Because if we’re going to pay, it would be a job.  You’d have to wait for an opening and then apply.  So not only would the state, should it be the employer of mothers, have the right to be quite specific about the job description (“Women wanted to make soldiers”), it would have the right to be quite specific about the qualifications (“genetic make-up must include average IQ or lower, above average physical health and fitness, pliant personality….”).  And it would have the right to be quite specific about the performance standards – no drinking on the job, or substance abuse of any kind except that prescribed by the employer, etc.

You want to be paid for being a mother?  Well, he who pays the piper picks the tune.


A Millennial New Year’s Resolution

This was written, of course, in January 2000.

I don’t do New Years’.  I especially didn’t do this New Years.  Though the chance to join in worldwide celebration of an error in addition (our calendar is such that there wasn’t a year zero – 1 A.D. came right after 1 B.C., so actually we’ve just begun, not finished, the 2000th year A.D.) (and A.D., well that’s a whole mess of mistakes, not the least of which is marking time across the entire planet according to a religious myth) – what was I saying, oh yeah, while joining with humanity worldwide to celebrate, indeed to proclaim in song and dance, our F in arithmetic had its attraction, I declined – because even if they’d gotten it right, the arbitrariness of it all is pretty insulting.  I mean, I’ll celebrate and reflect when I have good reason to – but our fascination with base ten is a mere evolutionary happenstance, and to rejoice at the occurrence of multiples of ten serves merely to reassure us that we do indeed have ten fingers and toes.

Nevertheless, I ended up watching several hours of the “2000” telecast.  Not the midnight champagne and crowds part, but the performance parts throughout the day: I realized early on that it would probably be another thousand years before so much art was given so much air time.  Certainly I’d never see Jean-Michel Jarre on tv again.

But pretty soon the irony (and the heritage schlock stuff) spoiled it, and I stopped watching.  I’m referring, of course, to the fact that  Continue reading


Why Do Men Spit? (and women don’t)

Why do men spit? (And women don’t.) I mean, is it physiological? Do males produce a larger amount of saliva?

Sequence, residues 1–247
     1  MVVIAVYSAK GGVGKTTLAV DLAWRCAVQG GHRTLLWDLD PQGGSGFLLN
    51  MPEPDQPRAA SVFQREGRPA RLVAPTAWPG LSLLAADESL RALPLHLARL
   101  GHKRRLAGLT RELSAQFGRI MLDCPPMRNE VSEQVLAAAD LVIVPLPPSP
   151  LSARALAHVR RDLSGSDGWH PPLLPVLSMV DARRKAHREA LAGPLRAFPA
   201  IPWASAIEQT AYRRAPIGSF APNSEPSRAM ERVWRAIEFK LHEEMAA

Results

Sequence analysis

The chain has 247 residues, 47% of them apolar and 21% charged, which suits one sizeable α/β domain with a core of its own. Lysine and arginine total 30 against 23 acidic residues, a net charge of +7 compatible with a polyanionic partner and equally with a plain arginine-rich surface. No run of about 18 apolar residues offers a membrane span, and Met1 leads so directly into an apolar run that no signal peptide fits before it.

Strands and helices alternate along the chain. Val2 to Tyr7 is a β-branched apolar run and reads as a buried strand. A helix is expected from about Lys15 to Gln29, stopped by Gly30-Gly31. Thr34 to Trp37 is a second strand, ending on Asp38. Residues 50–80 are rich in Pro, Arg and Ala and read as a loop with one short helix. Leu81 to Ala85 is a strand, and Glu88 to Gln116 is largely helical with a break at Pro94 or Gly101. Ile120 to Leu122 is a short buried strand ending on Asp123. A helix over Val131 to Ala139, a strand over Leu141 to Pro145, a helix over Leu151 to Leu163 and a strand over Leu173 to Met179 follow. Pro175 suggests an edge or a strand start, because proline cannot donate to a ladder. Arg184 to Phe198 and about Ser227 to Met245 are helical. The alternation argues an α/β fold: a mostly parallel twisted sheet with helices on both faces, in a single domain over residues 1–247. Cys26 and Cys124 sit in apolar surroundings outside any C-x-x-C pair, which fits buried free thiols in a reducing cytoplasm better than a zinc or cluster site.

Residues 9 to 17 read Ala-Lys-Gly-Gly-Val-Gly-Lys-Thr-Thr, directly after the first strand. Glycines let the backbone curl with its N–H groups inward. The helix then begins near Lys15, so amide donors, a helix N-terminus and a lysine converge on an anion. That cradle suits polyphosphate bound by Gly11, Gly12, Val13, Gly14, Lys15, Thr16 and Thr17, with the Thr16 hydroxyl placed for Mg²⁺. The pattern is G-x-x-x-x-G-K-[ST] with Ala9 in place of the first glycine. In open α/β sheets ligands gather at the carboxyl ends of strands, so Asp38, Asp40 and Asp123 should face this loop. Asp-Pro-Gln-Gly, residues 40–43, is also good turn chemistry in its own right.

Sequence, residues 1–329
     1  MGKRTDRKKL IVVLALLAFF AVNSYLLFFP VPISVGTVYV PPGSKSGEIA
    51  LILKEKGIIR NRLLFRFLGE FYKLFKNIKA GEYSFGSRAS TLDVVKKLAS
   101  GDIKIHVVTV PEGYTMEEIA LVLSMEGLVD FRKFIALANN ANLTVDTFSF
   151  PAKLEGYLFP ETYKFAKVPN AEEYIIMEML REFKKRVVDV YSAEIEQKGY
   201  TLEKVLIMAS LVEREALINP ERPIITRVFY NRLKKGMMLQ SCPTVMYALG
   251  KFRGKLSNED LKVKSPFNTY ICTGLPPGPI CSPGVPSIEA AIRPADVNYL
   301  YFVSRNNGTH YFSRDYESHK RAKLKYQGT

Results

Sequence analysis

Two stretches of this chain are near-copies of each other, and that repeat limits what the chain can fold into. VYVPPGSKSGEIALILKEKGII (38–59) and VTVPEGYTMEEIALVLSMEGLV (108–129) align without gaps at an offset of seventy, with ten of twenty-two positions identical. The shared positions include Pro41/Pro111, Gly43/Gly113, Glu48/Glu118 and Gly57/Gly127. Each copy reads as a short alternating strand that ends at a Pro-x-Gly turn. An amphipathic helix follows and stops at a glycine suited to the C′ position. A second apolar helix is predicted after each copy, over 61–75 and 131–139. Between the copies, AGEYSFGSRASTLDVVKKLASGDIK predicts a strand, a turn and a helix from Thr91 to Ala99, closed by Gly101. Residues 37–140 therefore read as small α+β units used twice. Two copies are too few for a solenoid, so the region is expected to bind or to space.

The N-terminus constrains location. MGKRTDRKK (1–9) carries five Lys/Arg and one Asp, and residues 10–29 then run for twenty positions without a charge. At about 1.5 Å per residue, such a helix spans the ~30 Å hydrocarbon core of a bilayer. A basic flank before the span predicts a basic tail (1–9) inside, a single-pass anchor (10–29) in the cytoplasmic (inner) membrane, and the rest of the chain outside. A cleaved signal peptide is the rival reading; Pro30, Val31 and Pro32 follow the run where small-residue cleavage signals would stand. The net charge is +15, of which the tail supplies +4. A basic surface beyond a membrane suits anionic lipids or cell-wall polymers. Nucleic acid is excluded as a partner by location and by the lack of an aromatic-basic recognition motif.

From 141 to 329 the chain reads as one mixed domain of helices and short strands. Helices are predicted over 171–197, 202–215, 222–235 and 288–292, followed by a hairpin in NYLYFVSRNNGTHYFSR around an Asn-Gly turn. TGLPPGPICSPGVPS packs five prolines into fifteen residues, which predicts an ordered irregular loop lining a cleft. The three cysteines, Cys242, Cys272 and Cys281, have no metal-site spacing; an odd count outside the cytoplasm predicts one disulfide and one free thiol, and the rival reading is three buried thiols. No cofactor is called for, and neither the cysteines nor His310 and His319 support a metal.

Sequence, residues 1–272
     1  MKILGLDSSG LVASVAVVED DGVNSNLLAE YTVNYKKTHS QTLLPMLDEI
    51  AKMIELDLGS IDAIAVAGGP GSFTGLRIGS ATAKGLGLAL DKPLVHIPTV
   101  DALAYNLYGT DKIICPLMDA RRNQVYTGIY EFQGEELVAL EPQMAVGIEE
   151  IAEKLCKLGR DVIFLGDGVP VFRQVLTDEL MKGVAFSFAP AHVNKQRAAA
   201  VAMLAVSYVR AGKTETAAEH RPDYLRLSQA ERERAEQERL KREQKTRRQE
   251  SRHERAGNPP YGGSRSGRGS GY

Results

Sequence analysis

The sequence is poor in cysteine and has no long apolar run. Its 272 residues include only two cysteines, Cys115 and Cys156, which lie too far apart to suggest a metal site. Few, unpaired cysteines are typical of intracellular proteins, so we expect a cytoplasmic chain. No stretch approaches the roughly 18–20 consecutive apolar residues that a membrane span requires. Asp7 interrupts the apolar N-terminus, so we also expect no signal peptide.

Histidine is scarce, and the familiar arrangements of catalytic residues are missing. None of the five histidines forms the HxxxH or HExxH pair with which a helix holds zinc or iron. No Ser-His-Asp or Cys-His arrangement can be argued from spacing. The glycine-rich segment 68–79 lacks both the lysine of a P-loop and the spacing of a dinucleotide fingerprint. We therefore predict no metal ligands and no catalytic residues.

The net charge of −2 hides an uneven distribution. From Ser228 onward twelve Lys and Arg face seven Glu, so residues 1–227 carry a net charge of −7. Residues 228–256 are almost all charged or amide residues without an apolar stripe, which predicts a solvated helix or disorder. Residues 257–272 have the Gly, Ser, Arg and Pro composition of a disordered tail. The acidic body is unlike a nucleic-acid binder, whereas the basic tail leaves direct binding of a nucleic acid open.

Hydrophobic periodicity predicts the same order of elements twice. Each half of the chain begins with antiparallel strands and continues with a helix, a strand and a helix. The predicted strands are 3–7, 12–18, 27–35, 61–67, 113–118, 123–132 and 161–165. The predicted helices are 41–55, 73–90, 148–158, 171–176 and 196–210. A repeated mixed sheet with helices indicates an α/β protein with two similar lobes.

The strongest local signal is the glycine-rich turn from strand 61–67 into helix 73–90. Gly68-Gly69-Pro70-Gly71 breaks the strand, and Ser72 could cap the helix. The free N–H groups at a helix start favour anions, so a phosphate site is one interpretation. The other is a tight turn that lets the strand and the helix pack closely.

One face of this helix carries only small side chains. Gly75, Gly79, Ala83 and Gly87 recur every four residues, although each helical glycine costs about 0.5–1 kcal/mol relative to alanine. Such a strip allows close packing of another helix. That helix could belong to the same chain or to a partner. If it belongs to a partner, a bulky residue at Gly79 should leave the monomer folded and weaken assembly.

Even so, why the need to spit it out? Why not just swallow it? Would that remind them of swallowing semen? Which is female, effeminate, gay? (I’ll ignore for the moment the assumption that all, or even most, women swallow semen.)

But no, that can’t be right: it seems too…reasoned. Spitting seems to be more of a reflex, a habit, a that’s-the-way-I-was-raised sort of thing, a cultural thing, a subcultural thing: to spit is to be manly. Little boys spit to appear grown up. Grown up men. So what’s the connection between spitting and masculinity?

Consider the way men spit. Continue reading


As if getting good grades…

Who among us has not heard the student in distress, claiming not to know ‘what the professor wants’? As if getting good grades is dependent on finding out each professor’s hidden idiosyncrasies – on figuring out how to please. This attitude has become very prevalent, and I’ve seen students paralysed by it. A professor will assign an essay, and students who are uncertain about how to proceed believe it’s because they don’t know what the professor wants; they truly believe they’re missing some crucial bit of information. Of course, the real reason for their uncertainty is usually their poor academic skills – they don’t know enough about the topic to generate some ideas or opinions with which they can then play around and organize into a paper. But instead of heading to the library, they wander the halls and poll other students, trying to discover ‘what the professor wants’.

My answer to this question, which is Continue reading